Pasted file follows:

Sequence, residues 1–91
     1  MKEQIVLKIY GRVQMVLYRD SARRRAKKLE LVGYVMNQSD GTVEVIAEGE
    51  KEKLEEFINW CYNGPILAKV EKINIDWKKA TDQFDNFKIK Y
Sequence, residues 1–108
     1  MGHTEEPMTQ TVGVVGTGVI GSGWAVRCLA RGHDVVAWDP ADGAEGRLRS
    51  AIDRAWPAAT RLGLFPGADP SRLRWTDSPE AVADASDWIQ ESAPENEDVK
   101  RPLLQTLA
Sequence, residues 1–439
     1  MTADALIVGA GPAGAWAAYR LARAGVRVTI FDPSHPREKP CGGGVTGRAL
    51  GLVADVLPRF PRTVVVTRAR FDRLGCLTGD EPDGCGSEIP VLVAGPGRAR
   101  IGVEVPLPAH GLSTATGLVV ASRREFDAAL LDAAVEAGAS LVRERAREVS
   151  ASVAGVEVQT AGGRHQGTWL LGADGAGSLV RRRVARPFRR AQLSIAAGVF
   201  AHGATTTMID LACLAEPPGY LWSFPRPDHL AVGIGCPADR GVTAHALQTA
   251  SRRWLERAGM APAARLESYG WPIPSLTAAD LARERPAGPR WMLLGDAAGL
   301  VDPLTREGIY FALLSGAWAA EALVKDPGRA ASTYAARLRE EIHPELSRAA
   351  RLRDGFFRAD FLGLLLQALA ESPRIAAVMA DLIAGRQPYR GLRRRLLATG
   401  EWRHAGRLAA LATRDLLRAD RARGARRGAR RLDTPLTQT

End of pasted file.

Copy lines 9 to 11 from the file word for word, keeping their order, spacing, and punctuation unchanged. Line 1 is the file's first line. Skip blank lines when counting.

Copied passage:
     1  MTADALIVGA GPAGAWAAYR LARAGVRVTI FDPSHPREKP CGGGVTGRAL
    51  GLVADVLPRF PRTVVVTRAR FDRLGCLTGD EPDGCGSEIP VLVAGPGRAR
   101  IGVEVPLPAH GLSTATGLVV ASRREFDAAL LDAAVEAGAS LVRERAREVS